The Sturgis Motorcycle Rally has provided the Rapid City tourism and hospitality industries much-needed boosts economically, Visit Rapid City President/CEO Julie Schmitz Jensen said Thursday.
"Even prior to the first full weekend through the beginning of this week, most of our hotels were at 85 to 100% occupancy," Jensen said. "That is excellent considering none of us knew even a month prior whether the rally was going to happen."
Jensen said the hospitality industry in Rapid City has suffered tremendously because of the COVID-19 pandemic and area restaurants and hotels needed that boost.
Patrons have been flocking to downtown restaurants during the rally time as well, Jensen said.
"I think what we saw was that many of these bikers were wanting to come to a place where it is free and open, like we are here in South Dakota. They have been eating at our restaurants, particularly some of those downtown that have outside patio dining opportunities," Jensen said. "Our restaurant owners have told me that this has been a great rally for them as well."
Thursday afternoon, Jacob Hensley and his girlfriend Pat Summerson parked their red Harley-Davidson Touring Road Glide outside of Tally's on Sixth Street downtown. Hensley said they have been here all week for the rally, traveling from Arkansas.
"Every place we've been here in Rapid City has been great and friendly," Hensley said. "This is our first time as a couple to come to the rally, but I've been here a few times. Things were different because of the virus, but we've really enjoyed the hospitality."
Over on Main Street, rally-goer Dustin Page pulled up to Firehouse Brewing Company for lunch. This is his fifth rally, traveling from Minneapolis.
"Me and my buddies have eaten here at Firehouse at least three times this trip," Page said. "The food is good, the beer is cold and we really like the patio where we aren't cooped up inside."
Jensen said as the week has moved on, the traffic in Rapid City from the rally has started to wane.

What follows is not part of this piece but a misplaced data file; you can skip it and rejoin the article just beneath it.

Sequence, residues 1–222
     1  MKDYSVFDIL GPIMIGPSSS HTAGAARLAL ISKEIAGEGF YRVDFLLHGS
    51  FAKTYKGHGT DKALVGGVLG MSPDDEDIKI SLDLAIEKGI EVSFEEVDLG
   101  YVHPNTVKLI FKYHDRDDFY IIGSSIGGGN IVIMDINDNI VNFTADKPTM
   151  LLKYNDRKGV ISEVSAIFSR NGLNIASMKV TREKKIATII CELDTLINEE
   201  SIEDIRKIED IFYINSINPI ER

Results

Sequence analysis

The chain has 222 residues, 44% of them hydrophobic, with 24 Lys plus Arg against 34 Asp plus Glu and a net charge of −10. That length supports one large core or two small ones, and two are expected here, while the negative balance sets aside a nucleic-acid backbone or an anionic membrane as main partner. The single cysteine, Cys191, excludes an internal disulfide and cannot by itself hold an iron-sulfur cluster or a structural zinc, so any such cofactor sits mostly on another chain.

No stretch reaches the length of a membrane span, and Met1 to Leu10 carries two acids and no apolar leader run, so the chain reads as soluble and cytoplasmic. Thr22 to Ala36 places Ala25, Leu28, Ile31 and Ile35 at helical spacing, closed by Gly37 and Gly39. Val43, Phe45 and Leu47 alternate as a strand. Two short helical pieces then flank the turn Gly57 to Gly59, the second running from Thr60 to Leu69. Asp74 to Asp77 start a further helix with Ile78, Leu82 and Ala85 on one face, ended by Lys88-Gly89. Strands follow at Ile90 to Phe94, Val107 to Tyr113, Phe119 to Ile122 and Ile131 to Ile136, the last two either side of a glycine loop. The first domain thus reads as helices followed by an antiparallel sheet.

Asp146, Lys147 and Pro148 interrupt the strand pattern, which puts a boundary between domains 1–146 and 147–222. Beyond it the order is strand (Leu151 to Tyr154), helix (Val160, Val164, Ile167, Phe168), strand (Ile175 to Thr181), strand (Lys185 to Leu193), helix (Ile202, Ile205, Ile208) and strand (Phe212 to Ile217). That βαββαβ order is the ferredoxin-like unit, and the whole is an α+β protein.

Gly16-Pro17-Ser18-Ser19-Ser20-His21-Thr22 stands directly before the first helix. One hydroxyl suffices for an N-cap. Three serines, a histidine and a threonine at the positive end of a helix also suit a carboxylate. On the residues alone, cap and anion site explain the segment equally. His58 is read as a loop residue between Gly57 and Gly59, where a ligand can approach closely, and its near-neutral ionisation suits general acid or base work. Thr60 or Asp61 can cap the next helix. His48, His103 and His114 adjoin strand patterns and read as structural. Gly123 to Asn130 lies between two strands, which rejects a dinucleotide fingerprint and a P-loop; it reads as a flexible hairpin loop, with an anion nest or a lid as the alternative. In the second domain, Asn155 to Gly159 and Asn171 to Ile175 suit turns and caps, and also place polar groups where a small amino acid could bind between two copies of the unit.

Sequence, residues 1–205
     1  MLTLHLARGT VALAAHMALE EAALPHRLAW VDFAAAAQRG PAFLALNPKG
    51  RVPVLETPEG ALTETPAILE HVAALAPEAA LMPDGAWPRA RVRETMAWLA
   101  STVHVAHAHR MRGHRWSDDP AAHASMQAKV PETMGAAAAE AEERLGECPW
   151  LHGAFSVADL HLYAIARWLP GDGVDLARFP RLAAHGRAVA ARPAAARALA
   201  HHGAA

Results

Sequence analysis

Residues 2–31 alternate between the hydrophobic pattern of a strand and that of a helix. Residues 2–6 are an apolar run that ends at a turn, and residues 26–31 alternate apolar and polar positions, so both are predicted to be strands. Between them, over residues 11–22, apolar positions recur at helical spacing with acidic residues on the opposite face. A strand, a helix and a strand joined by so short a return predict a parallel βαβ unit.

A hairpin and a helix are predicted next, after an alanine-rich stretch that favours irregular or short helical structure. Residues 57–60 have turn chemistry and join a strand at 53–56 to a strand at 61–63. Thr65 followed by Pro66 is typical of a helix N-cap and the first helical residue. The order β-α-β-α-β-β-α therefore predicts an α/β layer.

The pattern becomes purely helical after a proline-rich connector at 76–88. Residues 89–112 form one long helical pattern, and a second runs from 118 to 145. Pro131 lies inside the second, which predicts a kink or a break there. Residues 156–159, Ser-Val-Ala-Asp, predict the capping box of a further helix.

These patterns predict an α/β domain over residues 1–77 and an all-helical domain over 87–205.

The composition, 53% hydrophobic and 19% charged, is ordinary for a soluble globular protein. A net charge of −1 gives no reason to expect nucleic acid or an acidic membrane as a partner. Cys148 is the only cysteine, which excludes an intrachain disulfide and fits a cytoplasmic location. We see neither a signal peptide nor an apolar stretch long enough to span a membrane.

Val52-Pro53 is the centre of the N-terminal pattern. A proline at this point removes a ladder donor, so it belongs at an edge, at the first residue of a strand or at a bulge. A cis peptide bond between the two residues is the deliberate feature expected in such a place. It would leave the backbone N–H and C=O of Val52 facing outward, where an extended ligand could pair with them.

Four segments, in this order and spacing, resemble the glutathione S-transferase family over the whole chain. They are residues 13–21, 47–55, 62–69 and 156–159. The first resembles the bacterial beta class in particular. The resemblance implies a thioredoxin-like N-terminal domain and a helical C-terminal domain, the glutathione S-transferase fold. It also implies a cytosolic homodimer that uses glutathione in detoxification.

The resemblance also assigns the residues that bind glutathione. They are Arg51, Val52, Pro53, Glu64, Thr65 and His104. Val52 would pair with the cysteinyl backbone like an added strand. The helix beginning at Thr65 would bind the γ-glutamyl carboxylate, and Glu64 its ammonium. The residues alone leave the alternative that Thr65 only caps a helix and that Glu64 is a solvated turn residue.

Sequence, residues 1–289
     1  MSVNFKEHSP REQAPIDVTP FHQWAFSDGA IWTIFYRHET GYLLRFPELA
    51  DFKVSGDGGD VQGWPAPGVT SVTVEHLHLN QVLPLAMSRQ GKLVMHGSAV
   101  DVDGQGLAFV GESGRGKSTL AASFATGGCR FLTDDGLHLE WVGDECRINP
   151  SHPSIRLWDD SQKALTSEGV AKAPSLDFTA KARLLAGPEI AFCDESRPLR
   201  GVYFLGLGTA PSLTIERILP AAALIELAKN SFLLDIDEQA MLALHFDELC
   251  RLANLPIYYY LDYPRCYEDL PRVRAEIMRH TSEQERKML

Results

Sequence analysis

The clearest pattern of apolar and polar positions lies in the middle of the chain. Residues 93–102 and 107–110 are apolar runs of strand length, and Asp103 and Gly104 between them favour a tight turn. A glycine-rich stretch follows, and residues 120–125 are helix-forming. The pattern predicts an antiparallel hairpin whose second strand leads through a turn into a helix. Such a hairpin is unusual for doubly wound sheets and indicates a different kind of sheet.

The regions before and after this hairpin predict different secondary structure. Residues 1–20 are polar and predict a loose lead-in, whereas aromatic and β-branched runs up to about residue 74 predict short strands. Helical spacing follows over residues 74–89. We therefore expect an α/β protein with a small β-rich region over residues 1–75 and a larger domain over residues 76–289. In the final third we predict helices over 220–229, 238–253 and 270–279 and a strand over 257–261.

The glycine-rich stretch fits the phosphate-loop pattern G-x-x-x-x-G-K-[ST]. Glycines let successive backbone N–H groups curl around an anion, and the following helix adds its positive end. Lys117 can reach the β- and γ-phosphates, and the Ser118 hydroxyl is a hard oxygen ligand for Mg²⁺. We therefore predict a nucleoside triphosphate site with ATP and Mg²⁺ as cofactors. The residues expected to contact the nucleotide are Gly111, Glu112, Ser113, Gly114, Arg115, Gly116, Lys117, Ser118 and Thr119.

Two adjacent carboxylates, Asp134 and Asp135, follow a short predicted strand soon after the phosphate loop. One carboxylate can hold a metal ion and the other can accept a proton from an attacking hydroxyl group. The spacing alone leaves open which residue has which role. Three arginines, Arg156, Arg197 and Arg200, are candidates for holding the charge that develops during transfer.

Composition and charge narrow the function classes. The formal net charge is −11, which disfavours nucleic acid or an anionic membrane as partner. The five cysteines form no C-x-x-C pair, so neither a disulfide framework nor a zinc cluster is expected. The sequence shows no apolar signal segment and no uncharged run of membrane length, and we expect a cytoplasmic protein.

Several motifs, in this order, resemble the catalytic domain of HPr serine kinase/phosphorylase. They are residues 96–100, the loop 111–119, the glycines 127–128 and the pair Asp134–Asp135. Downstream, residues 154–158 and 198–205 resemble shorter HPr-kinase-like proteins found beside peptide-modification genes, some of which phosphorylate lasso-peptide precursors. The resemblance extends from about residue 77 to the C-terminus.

"That's typical of the last couple of nights, but this year it seems to be a bigger dip than normal," Jensen said. "There's a nosedive going on. Some (hotels) are reporting no reservations and cancellations are starting to come in. We usually offset that with travel groups coming in after the rally and bus tours, but that just isn't happening this year."
Jensen said she has been concerned with the negative portrayal of the rally in the national media. The images of bikers not wearing masks, not social distancing and the concerns of the rally being a "super-spreader" event are taking a toll on post-rally travel plans for tourists.
"The national media really took after us because we were hosting the rally, they were making a big deal of it nationally on most networks," Jensen said. "That has an impact because the people who were, perhaps, planning to come at the end of August, many of those people are saying they aren't coming now because they are afraid the rally has infected the Black Hills and then left."
Jensen said she understands those concerns, but also pointed out that most indoor events were canceled and people who attended the rally seemed more to enjoy the open roads and scenery of the Black Hills.
"A lot of it is just bad media, not that they weren't reporting what the news was. We had a rally that supposedly attracted 250,000 people. Nationally, that looked crazy," Jensen said. "But we have the great outdoors and I think people just forget that there were very few indoor events. Most everything was outdoors, and I think a lot of the bikers were just riding around the Black Hills and avoided those big, indoor crowds."
Contact Assistant Managing Editor Nathan Thompson at email@example.com.